And the teenage winners of the second Youth Concerto Competition, to be held next December, will perform with the orchestra on Feb. 17.

The conductor for three concerts will be Kyle Knox, the music director of the Wisconsin Youth Symphony Orchestras (WYSO) and associate conductor of the Madison Symphony Orchestra (MSO).

A frequent MCO guest conductor, Knox has also agreed to become the ensemble’s new principal conductor and artistic adviser. (In the YouTube video at the bottom, you can hear Kyle Knox conducting the MCO last December in Wagner’s Overture to the opera “Die Meistersinger von Nürnberg” (The Master Singers of Nuremberg) at the UW’s Hamel Music Center.)

Two guest conductors will be making their MCO debuts: UW-Whitewater professor Christopher Ramaekers (below top) on Oct. 7 and Edgewood College professor Sergei Pavlov (below bottom) on April 2.

Some repertoire still hasn’t been decided. For up-to-date information, as well as information about how to audition for the MCO, how to subscribe to its email newsletter and how to support it, go to the newly redesigned website at: https://middletoncommunityorchestra.org

“We will also try to schedule the concert with this year’s Youth Concerto Competition winners for this summer, even if it means going to an outdoor venue,” says MCO co-founder and co-artistic director Mindy Taranto. The winners are: violinists Ava Kenny and Dexter Mott, and cellist Andrew Siehr.

Adds Taranto: “We are really excited about the lineup of guest soloists and new conductors, and are especially grateful to Kyle Knox for his continued association with us. We’re going to have a fantastic year.”

 


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Classical music: The Wisconsin Chamber Choir will sing a program of “Live, Laugh and Love” this Sunday afternoon. Music by Brahms, Puccini, Bizet, Sondheim, Lin-Manuel Miranda and others is featured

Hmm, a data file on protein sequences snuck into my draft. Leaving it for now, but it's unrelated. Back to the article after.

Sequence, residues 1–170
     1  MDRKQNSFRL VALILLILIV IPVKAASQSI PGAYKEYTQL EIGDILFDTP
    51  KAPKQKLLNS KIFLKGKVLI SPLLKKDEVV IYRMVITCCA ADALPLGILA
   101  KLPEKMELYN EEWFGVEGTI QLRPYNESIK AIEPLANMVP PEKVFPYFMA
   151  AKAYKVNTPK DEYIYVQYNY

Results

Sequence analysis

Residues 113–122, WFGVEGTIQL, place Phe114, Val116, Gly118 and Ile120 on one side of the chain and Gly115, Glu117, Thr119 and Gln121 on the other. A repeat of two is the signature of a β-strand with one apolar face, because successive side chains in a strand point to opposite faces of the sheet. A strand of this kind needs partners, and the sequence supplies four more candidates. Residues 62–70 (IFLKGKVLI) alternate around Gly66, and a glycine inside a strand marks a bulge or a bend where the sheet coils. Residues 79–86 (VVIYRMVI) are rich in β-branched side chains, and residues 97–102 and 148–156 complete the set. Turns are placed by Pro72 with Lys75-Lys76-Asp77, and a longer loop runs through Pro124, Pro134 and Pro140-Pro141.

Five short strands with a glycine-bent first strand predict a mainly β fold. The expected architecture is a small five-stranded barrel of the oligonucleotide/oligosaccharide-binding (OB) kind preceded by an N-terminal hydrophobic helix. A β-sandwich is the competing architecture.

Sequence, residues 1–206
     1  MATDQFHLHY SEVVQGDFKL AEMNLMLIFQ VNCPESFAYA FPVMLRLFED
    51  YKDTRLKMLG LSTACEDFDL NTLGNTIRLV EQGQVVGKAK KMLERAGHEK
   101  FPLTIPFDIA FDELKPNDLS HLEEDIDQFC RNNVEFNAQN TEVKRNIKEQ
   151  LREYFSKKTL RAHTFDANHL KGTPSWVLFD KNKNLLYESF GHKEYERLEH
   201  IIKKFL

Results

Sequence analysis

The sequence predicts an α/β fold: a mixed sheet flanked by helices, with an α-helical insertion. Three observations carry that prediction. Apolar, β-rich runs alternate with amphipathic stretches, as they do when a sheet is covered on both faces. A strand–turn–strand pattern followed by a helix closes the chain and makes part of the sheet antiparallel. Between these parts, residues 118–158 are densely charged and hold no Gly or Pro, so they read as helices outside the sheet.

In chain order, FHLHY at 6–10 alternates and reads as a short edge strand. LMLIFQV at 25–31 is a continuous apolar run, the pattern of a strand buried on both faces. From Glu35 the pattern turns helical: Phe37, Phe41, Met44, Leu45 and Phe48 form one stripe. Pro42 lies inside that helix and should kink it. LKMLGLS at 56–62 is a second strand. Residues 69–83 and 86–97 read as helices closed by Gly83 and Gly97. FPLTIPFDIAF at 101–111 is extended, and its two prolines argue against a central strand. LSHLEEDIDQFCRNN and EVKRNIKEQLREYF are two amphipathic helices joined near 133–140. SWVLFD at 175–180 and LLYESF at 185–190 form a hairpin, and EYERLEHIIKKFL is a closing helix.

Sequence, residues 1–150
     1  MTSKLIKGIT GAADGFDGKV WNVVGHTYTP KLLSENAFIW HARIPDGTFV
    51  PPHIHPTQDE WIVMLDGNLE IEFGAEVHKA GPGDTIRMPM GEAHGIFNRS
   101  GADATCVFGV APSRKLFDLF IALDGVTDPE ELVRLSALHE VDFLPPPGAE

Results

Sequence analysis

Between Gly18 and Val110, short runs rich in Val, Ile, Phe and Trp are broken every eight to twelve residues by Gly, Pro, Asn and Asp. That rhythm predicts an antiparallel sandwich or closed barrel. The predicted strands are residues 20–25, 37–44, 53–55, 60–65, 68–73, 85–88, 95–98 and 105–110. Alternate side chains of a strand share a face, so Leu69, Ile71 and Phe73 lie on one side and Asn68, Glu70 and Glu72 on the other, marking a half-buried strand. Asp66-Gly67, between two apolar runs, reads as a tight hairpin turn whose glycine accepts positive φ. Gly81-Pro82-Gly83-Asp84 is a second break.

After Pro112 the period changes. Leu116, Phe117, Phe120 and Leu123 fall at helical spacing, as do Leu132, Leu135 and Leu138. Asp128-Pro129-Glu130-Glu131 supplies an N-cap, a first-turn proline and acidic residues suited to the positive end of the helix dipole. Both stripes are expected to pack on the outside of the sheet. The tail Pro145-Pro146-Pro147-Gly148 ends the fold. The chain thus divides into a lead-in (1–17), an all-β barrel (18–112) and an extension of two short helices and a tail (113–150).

February 12, 2020
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By Jacob Stockinger

This Sunday afternoon, Feb. 16, at 3 p.m. in the First Unitarian Society of Madison’s Landmark Auditorium, 900 University Bay Drive, the Wisconsin Chamber Choir will perform a varied program of vocal music.

The “Live, Laugh and Love” program includes Johannes Brahms’ Neue Liebeslieder Waltzes (New Love Song Waltzes) along with a wide variety of solos, duets and ensembles encompassing music by Giacomo Puccini, Georges Bizet, Clara Schumann, John Dowland, Stephen Sondheim and Lin-Manuel Miranda.

The singers will accompanied by duo-pianists Mark Brampton Smith and Sherri Hansen.

Brahms (below) completed his second group of “Love Song Waltzes” in 1874, setting poems that are alternately passionate, brooding, fiery and contemplative. (You can hear some excerpts in the YouTube video at the bottom.)

Building on the success of his first installment of Liebeslieder from five years earlier, Brahms’ music for the later set is more deeply emotional, mirroring the composer’s own complex romantic entanglements. Out of all Brahms’ female friends, he seems to have maintained the deepest affection for Clara Schumann (below), whose music appears on the first half of our program.

Classic arias and duets from the operas La Bohème, and The Pearl Fishers, and contemporary selections by Stephen Sondheim and Hamilton composer, Lin-Manuel Miranda, round out the program to be performed in the intimate setting of the historic auditorium designed by Frank Lloyd Wright.